Islamic Terrorism, it is unacceptable that we define a community by violence.
Britain has a problem with terrorism. Well, it’s problem with terrorism is that the majority of those who have participated in violent attacks that have been labeled as ‘Islamic terrorism’ are predominantly perpetrated by converts to Islam. Without question, our security services and police forces are acutely aware of where the threats to this country reside, in the minds of violent fantasists, socially unhinged individuals who suffer with some form of personality disorder or other. Unquestionably, there are such people from Islamic countries who are more than happy to incite, encourage and cheer-on any deranged thugs around the globe who pick up a Quran, a skull cap and change their name. A life time ago it was musicians adopting the Quran, changing their name and picking up their guitar or boxing legends. I don’t imagine Islam has changed in those few short decades but those attracted to it since the 11th September 2001 are violent thugs and social inadequates drawn to a very different flame.
The demonising of Islam and the Muslim community with the label of Islamic Terrorism has certainly aided creating a focus for those who have, by whatever means, become disassociated from our societies. No doubt, those thugs who have their roots in the Islamic world have their own reasons for their societal dissolution. In the West we have a smattering of choices for such individuals. Football hooliganism used to be a safe place for socially dysfunctional individuals who felt compelled to express their inadequacies through casual violence and we still have some elements keeping that flame alive. Britain has its far right groups offering a home to the same social detritus that have assumed Muslim names. Add into that mix, and I do not say this lightly, those with mental health issues who, themselves, already suffer from demonisation, can find themselves swept towards acting out frustrations through aggression.
The label for the violence now defines the violence we suffer.
Societies have dysfunctional people and their social withdrawal happens for many reasons. The recourse to violence is never excusable. A great many people around the world ‘hate’ the West for lots of very justifiable reasons and very few of them are compelled to random violence as a salve. The Middle Eastern regimes that countries like Britain arm and train that have appalling human rights records against their own people and their neighbours have, unsurprisingly, created ‘terror’ mongers. Brutal regimes over generations have brutalised and dehumanised people within their own populations, populations that also contain the same types of people that join far right or football hooligan gangs in Britain. The abhorrency of those groups featured in the news is hardly a surprise.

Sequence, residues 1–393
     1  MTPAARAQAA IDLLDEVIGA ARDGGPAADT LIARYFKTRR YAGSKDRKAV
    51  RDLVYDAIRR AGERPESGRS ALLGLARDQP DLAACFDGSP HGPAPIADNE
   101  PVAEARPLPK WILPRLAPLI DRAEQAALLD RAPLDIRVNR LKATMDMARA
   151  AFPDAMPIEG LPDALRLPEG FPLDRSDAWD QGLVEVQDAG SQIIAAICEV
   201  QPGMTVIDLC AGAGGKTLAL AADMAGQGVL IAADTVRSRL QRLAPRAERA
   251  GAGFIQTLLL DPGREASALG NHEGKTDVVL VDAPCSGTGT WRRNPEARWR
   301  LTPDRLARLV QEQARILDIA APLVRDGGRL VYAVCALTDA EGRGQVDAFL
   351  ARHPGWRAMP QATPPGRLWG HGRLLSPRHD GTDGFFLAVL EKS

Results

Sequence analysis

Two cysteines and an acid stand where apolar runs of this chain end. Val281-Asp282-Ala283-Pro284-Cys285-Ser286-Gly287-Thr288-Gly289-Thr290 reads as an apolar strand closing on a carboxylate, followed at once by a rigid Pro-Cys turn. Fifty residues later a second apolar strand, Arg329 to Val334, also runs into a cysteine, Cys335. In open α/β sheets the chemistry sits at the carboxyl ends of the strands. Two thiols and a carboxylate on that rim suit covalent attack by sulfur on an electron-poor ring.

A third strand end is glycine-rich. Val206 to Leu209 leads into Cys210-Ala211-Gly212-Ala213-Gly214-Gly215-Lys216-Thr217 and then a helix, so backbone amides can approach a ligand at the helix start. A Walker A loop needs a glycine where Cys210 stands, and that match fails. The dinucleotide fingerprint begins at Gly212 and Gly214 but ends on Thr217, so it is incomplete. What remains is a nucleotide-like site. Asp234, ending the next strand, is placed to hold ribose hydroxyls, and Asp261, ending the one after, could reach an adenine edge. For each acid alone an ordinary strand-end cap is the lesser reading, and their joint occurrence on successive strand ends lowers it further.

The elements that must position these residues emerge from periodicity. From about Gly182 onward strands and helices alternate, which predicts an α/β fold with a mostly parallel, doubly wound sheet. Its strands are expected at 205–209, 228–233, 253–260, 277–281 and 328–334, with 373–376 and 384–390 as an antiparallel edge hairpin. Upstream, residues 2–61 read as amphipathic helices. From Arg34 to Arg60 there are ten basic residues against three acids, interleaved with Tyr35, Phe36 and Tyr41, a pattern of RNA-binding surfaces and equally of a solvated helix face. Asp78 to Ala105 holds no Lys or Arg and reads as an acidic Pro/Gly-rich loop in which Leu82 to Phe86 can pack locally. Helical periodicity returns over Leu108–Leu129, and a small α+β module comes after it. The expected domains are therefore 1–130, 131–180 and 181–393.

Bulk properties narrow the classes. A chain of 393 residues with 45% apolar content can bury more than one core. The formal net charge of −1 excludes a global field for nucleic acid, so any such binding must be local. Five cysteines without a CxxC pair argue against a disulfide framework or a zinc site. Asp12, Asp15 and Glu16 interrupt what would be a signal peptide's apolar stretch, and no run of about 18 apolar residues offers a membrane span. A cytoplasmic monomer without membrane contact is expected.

Violence in our society is not new. The demonising of Islam has become a self-fulfilling prophecy of exploitative media and politicians. It is not that the individuals who have been primarily responsible for ‘Islamic’ terrorism have committed their acts because they had a cause to act in the name of; they would have likely been violent and aggressive people without a flag to wave, in fact most already had history of such. The nature of the attacks has probably been influenced by what these attackers have become to believe someone like them should be perpetrating. Where a football hooligan will have a running battle along a street near a football ground, ‘terrorists’ define themselves by ‘acts of terror’. Our media and politicians have defined what these violent fantasists believe is the correct behaviour of someone like them.
So-called Islamic Terrorism
It is clear that it is not Muslims that Britain should be wary of but those people who have become devolved from society and who have adopted Islam as a flag of convenience for their violent aspirations. If I were a Muslim I’d be very wary of converts or ‘lapsed’ Muslims who have become reinvigorated with their ‘faith’. Those who consider themselves outcasts or self-define as demonised will be attracted to those organisations or communities that society demonises. Not demonising Muslims will not stop violence in our society but it will make us a better society. Violent people will be violent and the law will manage them as well as it can. Violent people borne out of the brutal foreign regimes a small group of individuals sell our support to are a whole load of separate issues but cutting off our support to those regimes would be a start. We won’t because of those individuals who currently make so much money from them. Meanwhile, we continue to pay a very high price.